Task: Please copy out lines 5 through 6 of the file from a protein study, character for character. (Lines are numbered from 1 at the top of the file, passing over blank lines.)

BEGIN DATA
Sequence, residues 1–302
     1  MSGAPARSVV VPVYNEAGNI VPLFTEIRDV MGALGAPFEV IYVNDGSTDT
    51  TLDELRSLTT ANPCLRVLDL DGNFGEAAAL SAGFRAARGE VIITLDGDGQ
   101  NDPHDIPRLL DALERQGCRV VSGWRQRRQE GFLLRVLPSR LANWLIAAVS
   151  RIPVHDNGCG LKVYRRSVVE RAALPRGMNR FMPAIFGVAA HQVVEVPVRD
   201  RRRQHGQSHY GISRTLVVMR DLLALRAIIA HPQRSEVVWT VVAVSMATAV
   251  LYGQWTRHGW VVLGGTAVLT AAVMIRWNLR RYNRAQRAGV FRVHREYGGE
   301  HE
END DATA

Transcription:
   151  RIPVHDNGCG LKVYRRSVVE RAALPRGMNR FMPAIFGVAA HQVVEVPVRD
   201  RRRQHGQSHY GISRTLVVMR DLLALRAIIA HPQRSEVVWT VVAVSMATAV